The Dragon Lady of Stockbridge is set in the Berkshires in 1886. But just where are the Berkshires, and what were they like in 1886?
There’s an old English county called Berkshire. “Berk-” comes from a Celtic word meaning hilly, and a “shire” is a county, so the original “Berkshire” was a hilly county. Not surprisingly, when the English colonized New England, they organized the hilly region of western Massachusetts as the redundantly named Berkshire County, and named the hills on its eastern side the Berkshire Hills.
Geographically, Berkshire County is a valley that runs along a north-south axis, with the Taconic Hills to the west and the Berkshires to the east. The northern part of the valley is drained by the Hoosac River, the southern part by the Housatonic. The hills and streams provided ample sources of water power, so many mills sprung up in the region in the nineteenth century.
The European colonists settled in the region in the eighteenth century to farm the land. It was not a great region for farming. Not only was the land hilly, but it was covered in trees, had thin, rocky soil, and the higher elevation shortened the growing season. Once the Midwest opened up, the farms at the highest elevations were abandoned. Those a bit lower down turned their land to hay fields and pasture. After the Civil War, most of the remaining farms went over to sheep farming. It required few people and was reasonably profitable, though the price of wool declined steadily through the last part of the century. In another few decades, the price would drop so low that farmers would convert to dairy farming.
Every small watercourse had a mill built on it at one time or another, but only a few sites could support major factories. Pittsfield and North Adams had most of the sites and had become industrial communities with about 15,000 inhabitants in each city. Adams was about half their size, and Dalton, which had the Crane mills, about half the size of Adams.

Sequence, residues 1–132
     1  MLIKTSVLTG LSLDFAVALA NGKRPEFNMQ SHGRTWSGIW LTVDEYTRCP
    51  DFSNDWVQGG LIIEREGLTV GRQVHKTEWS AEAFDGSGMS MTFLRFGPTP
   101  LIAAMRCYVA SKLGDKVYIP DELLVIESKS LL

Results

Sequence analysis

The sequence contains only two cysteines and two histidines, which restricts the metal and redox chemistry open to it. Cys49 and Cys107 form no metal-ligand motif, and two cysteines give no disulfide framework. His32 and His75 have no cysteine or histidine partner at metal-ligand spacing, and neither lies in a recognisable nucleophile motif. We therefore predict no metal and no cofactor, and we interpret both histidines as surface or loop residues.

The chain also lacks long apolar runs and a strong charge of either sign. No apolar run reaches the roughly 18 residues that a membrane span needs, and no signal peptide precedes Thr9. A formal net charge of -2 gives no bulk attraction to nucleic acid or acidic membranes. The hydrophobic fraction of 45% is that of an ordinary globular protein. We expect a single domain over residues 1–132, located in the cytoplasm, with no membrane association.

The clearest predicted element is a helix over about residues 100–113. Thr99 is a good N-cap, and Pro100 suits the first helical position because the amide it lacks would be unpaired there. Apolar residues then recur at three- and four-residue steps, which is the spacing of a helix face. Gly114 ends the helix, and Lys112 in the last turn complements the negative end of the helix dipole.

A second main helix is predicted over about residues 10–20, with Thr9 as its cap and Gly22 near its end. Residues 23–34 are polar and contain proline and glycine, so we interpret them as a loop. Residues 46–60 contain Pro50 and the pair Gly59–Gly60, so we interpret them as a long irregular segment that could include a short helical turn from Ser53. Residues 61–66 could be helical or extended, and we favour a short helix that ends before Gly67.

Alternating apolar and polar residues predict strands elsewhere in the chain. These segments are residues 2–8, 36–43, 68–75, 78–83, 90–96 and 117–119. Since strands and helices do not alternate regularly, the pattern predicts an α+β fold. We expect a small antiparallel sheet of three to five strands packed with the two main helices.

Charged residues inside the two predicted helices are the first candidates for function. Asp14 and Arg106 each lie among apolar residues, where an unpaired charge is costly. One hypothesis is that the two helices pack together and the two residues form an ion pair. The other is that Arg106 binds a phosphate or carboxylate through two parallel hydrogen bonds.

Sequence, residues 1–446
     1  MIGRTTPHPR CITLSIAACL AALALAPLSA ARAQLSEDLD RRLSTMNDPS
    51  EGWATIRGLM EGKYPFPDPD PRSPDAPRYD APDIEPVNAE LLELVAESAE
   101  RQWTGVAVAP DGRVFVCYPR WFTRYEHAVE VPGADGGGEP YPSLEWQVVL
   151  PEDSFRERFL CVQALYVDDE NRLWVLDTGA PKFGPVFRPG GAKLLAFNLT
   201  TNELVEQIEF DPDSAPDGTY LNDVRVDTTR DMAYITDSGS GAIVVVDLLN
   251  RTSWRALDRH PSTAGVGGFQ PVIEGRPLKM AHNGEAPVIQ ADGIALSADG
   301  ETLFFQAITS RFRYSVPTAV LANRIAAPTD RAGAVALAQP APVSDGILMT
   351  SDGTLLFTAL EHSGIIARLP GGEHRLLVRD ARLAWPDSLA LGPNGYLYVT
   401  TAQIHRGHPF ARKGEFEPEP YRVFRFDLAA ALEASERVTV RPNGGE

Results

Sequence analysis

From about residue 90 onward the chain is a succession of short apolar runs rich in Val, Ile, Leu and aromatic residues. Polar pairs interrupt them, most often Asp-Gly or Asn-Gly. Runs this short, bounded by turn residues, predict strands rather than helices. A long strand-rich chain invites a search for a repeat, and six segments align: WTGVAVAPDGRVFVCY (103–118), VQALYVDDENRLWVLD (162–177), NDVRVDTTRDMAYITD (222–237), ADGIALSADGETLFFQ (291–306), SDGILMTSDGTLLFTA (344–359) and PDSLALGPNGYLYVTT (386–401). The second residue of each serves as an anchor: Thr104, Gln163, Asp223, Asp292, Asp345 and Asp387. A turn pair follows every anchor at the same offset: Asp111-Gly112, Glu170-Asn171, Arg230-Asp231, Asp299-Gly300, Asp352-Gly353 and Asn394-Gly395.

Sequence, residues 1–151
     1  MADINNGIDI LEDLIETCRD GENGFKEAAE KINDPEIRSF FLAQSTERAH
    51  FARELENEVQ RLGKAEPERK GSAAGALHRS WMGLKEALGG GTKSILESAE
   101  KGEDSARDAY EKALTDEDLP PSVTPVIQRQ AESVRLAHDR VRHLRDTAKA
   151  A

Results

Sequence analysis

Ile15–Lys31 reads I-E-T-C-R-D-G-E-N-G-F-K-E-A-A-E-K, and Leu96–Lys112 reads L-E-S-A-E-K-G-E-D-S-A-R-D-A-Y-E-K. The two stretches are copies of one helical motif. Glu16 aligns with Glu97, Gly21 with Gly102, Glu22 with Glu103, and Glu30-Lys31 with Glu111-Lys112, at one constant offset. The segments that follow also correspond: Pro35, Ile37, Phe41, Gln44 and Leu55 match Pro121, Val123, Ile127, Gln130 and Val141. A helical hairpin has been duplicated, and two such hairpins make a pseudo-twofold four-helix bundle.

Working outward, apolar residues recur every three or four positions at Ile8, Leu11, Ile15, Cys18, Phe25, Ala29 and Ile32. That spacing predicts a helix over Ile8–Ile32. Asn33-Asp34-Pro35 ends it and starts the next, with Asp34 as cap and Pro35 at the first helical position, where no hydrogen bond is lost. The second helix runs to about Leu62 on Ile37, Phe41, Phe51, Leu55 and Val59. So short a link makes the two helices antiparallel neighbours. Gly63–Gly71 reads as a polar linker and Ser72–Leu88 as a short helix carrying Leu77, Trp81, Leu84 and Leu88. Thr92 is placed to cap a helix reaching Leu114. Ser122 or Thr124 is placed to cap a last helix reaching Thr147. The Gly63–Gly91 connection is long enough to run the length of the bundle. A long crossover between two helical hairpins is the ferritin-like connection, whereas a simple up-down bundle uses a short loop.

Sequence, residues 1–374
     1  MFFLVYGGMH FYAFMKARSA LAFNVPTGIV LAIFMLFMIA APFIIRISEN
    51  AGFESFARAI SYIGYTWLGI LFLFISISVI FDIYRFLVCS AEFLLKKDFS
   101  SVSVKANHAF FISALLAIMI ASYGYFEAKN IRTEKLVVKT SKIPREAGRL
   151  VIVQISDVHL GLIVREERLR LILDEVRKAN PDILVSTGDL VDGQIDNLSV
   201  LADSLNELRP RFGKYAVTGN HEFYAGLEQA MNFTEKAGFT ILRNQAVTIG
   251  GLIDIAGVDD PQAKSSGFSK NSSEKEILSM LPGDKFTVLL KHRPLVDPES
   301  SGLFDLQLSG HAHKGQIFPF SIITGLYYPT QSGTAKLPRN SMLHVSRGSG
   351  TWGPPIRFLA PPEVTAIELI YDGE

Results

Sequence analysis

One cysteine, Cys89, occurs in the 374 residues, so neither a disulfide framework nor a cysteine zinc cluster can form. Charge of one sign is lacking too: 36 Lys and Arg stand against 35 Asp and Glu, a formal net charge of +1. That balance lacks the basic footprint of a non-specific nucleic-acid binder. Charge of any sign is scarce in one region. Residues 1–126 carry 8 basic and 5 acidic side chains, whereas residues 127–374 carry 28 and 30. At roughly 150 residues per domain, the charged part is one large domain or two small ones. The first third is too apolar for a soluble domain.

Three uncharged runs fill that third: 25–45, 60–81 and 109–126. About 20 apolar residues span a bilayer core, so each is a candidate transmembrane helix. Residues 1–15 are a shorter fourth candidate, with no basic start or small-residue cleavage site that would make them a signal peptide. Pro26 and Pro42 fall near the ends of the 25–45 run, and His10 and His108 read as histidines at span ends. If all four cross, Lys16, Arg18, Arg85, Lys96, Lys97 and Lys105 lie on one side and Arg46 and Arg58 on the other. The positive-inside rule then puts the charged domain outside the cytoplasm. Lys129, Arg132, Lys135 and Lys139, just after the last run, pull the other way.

Most of the towns were small communities of under 1,000 people, and they had been slowly losing population for decades as people abandoned farms and moved to the mill towns, or to the West looking for better land and more opportunities. Hal Barron wrote a good book about what these small towns were like called Those Who Stayed Behind.
There were a few exceptional communities. Williamstown had the famous Williams College, so was a sizable community without having an industrial base. And Lenox and Stockbridge were homes to the cottages of the wealthy. I’ll talk about why in a subsequent post.
The railroads had penetrated Berkshire in the antebellum years, connecting the valley with markets in Boston, Albany, and New York City, and bringing Irish and French Canadian factory workers to add to the English and Scotch-Irish farmers, with Italians and Poles just beginning to show up.
The spring was muddy, the summers relatively cool, the fall foliage gorgeous, and the winter snows heavy. Most of the land had been cleared for farming when it was settled, but the hills were reverting to forests, and the wealthier towns were aggressively planting shade trees along their streets, as you can see below in Williamstown. Berkshire was probably a nicer place to visit than to live in in 1886. In that respect, Rebecca Farnsworth Maxwell, fictional character though she is, fits right in.